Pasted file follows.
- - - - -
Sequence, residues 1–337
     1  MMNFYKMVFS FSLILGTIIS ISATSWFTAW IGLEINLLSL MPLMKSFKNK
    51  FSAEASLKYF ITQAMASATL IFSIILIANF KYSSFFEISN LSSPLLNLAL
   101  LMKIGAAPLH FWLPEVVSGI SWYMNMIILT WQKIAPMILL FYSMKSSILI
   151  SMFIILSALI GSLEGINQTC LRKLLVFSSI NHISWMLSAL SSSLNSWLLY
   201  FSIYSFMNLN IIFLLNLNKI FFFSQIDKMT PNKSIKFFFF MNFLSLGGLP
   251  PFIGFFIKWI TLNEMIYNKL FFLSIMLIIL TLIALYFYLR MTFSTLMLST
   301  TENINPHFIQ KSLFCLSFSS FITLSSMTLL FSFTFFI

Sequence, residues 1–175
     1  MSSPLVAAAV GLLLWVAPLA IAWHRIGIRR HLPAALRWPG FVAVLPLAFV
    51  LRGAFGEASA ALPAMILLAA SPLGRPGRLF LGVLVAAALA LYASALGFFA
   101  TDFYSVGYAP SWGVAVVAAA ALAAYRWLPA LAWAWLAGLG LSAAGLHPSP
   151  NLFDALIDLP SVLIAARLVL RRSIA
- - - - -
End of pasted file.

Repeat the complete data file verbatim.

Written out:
Sequence, residues 1–337
     1  MMNFYKMVFS FSLILGTIIS ISATSWFTAW IGLEINLLSL MPLMKSFKNK
    51  FSAEASLKYF ITQAMASATL IFSIILIANF KYSSFFEISN LSSPLLNLAL
   101  LMKIGAAPLH FWLPEVVSGI SWYMNMIILT WQKIAPMILL FYSMKSSILI
   151  SMFIILSALI GSLEGINQTC LRKLLVFSSI NHISWMLSAL SSSLNSWLLY
   201  FSIYSFMNLN IIFLLNLNKI FFFSQIDKMT PNKSIKFFFF MNFLSLGGLP
   251  PFIGFFIKWI TLNEMIYNKL FFLSIMLIIL TLIALYFYLR MTFSTLMLST
   301  TENINPHFIQ KSLFCLSFSS FITLSSMTLL FSFTFFI

Sequence, residues 1–175
     1  MSSPLVAAAV GLLLWVAPLA IAWHRIGIRR HLPAALRWPG FVAVLPLAFV
    51  LRGAFGEASA ALPAMILLAA SPLGRPGRLF LGVLVAAALA LYASALGFFA
   101  TDFYSVGYAP SWGVAVVAAA ALAAYRWLPA LAWAWLAGLG LSAAGLHPSP
   151  NLFDALIDLP SVLIAARLVL RRSIA